This study demonstrates that entecavir is a potent but partial inhibitor of HIV replication in vitro and in vivo and that in some patients it can select for viruses bearing the M184V mutation, which confers high level resistance to entecavir and to the widely used anti-HIV drugs lamivudine and emtricitabine. These conclusions are supported by the striking temporal association of entecavir therapy with 1 log reductions in HIV RNA as well as in vitro studies showing inhibition of HIV infectivity at clinically relevant concentrations. In addition, one patient clearly demonstrated selection of M184V variants in vivo while on entecavir monotherapy and in vitro data demonstrate reduced activity of entecavir on the M184V variants.
These data have important implications for treatment of hepatitis B in HIV-infected patients. Current guidelines recommend entecavir as the first line treatment in HIV-HBV co-infected persons who do not require anti-HIV therapy (8
). Since this recommendation is predicated on the assumption that entecavir does not have activity against HIV, our data indicate that this recommendation should be reconsidered, especially since entecavir can select for the M184V mutation in some patients.
Our data contradict a previous report that entecavir does not have anti-HIV activity at clinically relevant concentrations (1
). That report used an assay described in 1989 by Weislow et al., which relies on cytopathic effects resulting from infection (21
). We believe the quantitative infectivity assay we used has several advantages over previous assays that allow it to detect subtle anti-HIV effects such as that shown by entecavir. First, the assay used here allows a more direct measure of drug inhibition of early steps in HIV replication from virus attachment through virus gene expression than older assays that used cell death as a surrogate measure of infection. Second, since the assay relies on a single round of infection, it allows rapid and precise quantification of individual infection events without the complications introduced by multiple rounds of infection in an extended culture. A third advantage is that drug inhibition of HIV replication is measured in primary CD4+
T lymphoblasts, which are the in vivo
target cells of HIV, rather than in transformed cell lines, which may metabolize entecavir differently.
Further work is needed to understand why the M184V mutation clearly emerged in one of the two patients who was studied in detail. It is unlikely that this patient was taking lamivudine since it was not being prescribed to him at the time or in the recent past and since complete emergence of this mutation from lamivudine occurs within weeks (22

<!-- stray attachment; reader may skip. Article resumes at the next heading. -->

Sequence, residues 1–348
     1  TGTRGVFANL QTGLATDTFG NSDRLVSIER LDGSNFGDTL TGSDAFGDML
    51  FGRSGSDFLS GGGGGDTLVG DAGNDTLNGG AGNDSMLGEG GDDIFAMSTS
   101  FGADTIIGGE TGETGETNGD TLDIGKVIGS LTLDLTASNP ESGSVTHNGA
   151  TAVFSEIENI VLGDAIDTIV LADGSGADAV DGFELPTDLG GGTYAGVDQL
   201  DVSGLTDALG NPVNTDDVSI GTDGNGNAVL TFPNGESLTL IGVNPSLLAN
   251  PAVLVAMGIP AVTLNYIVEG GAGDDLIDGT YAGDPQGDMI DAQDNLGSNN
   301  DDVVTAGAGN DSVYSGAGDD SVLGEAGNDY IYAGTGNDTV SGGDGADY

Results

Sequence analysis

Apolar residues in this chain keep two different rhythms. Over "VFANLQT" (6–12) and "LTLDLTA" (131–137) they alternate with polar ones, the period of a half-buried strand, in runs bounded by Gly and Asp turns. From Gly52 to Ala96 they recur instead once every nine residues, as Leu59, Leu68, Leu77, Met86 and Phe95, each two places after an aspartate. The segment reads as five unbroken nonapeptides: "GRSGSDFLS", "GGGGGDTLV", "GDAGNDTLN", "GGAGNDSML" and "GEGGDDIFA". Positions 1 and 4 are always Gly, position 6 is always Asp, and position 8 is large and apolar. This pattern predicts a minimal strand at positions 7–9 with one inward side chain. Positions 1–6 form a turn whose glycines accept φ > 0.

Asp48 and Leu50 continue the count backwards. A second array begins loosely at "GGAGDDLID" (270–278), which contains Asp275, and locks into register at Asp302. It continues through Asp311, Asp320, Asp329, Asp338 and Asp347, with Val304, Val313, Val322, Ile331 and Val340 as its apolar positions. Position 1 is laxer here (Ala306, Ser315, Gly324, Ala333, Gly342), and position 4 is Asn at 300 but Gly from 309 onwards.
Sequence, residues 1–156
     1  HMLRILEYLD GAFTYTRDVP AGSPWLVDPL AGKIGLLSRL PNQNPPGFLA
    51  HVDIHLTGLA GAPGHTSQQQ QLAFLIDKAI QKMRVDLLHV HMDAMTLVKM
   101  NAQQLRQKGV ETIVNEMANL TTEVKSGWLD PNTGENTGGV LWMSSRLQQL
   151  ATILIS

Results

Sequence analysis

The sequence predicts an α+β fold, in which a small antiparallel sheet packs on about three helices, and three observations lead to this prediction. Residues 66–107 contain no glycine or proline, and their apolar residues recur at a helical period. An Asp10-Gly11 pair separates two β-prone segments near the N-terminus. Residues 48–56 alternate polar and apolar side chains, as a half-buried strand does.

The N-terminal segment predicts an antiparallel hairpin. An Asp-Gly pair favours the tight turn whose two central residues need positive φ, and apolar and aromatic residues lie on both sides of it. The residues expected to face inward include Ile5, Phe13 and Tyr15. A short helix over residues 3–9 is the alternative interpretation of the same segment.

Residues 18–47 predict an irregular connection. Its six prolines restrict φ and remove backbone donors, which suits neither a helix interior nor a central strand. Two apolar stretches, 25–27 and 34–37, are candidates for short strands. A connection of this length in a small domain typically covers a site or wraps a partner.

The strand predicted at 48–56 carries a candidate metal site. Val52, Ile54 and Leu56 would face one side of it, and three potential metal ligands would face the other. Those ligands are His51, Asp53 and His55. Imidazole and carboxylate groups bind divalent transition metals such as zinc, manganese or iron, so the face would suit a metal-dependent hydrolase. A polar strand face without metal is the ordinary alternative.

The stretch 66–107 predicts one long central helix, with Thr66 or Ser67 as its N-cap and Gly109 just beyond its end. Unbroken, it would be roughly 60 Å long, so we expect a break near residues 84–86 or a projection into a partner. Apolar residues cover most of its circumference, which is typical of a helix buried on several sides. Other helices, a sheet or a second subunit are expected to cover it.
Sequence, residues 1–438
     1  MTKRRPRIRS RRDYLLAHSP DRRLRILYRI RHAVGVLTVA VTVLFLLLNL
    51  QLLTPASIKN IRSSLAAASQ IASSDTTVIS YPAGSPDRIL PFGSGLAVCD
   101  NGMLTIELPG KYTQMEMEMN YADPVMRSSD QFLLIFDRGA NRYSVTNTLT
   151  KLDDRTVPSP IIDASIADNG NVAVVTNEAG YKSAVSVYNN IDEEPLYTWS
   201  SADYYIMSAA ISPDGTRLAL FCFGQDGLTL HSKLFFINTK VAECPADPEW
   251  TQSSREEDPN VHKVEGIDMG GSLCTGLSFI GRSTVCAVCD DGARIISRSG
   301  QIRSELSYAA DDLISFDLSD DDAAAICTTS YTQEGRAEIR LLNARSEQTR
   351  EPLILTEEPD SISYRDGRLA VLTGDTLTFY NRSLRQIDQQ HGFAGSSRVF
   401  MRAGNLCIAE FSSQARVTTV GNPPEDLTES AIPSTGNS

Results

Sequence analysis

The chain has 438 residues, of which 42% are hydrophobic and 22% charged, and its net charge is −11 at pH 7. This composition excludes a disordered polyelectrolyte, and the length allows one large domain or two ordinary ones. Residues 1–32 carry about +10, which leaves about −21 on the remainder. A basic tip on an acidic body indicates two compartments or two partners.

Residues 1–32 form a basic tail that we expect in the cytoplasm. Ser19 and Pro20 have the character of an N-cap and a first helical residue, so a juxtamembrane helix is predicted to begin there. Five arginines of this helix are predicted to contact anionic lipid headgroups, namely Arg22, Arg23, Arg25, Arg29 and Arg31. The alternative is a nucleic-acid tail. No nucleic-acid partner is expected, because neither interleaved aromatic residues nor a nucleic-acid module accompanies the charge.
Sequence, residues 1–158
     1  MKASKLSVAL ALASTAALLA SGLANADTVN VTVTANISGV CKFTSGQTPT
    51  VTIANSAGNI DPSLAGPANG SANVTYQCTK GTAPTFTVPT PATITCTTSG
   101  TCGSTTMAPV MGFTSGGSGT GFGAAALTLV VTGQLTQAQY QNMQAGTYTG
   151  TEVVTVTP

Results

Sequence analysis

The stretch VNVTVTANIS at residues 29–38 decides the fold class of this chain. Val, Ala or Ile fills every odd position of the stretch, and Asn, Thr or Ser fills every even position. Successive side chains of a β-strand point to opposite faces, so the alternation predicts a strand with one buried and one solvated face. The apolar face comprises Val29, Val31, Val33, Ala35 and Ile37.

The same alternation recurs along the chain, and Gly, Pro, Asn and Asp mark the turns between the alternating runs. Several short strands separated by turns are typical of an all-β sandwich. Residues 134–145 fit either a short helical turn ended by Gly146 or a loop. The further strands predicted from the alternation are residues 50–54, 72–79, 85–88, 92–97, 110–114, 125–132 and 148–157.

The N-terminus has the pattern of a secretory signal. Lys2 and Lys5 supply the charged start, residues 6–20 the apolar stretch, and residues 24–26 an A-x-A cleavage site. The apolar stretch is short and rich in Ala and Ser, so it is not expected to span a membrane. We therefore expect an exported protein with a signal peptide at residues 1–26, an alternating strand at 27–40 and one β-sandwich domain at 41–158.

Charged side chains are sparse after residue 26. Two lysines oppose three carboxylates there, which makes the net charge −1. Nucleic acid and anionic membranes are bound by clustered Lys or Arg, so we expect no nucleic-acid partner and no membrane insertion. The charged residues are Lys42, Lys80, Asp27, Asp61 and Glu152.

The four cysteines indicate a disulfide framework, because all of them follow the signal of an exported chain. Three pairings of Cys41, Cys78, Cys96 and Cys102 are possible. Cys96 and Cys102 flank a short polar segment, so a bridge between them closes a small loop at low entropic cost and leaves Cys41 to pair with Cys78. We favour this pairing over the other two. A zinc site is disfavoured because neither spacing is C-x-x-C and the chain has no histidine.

). Rather, the appearance of the M184V mutation likely reflects the fact that it abolishes the anti-HIV activity of entecavir (). Interestingly, selection of the M184V mutation in HIV RT could be anticipated since structural models show that the M184V corresponds to the HBV pol
mutation, rtM204V (23
), which decreases HBV susceptibility to entecavir (24
). In both cases, the targeted methionine is in the YMDD motif at the active site.
The failure of the M184V mutation in HIV RT to become dominant in Patient #3 may reflect the fact that this mutation has a well known negative effect on viral fitness (25
). In some patients, this reduction in fitness may outweigh the modest benefit conferred by entecavir resistance since entecavir only partially inhibits HIV replication. Thus in some patients, selection for M184V may not occur or may occur very slowly.
It is also unknown whether the M184V variants that appeared in Patient #1 following entecavir treatment were initially generated by exposure to a lamivudine-containing HAART regimen several years earlier. Phylogenetic analysis suggests that the M184V variants evolved recently, most likely as a result of entecavir treatment. The appearance of M184V could also reflect emergence of an archived variant from the latent reservoir (26
), but in either case there is clear evidence that entecavir selected for this variant in patient #1.
Several other questions are also raised by this study. One question is whether control of HBV replication lead to diminished lymphocyte activation or alterations in cytokine release that affected HIV replication. Although this is theoretically possible, treatment of hepatitis B with adefovir dipivoxil in HIV-infected individuals does not support this hypothesis since the patients had stable HIV RNA levels despite declines in HBV DNA (27
). Although our data demonstrate that entecavir affects HIV replication, we cannot rule out that such secondary effects may have contributed to the decline in HIV RNA. Other questions include why the anti-HIV activity of entecavir plateaus at low nanomolar concentrations, whether modifications of the compound could overcome the plateau effect, whether entecavir could play a clinically meaningful role as an antiretroviral agent for HIV, and whether entecavir selects for other HIV drug-resistant mutants. Lastly, our data raise the question of the generality of the observations. We are aware of nine HIV-HBV co-infected patients who received entecavir monotherapy (three of whom are included in this report), and for all nine of them, the same simultaneous decline in HIV RNA was apparent.
In summary, entecavir, at doses used to treat chronic hepatitis B, is a potent partial inhibitor of HIV replication and can select for the M184V resistance mutation in HIV RT. Since the full extent of HIV RT mutations selected by entecavir monotherapy is not known, caution should be used in treating chronic hepatitis B with entecavir in HIV-infected patients not on fully suppressive antiretroviral regimens. Furthermore, these data underscore the importance of careful study of agents with potential for anti-HIV activity prior to licensure.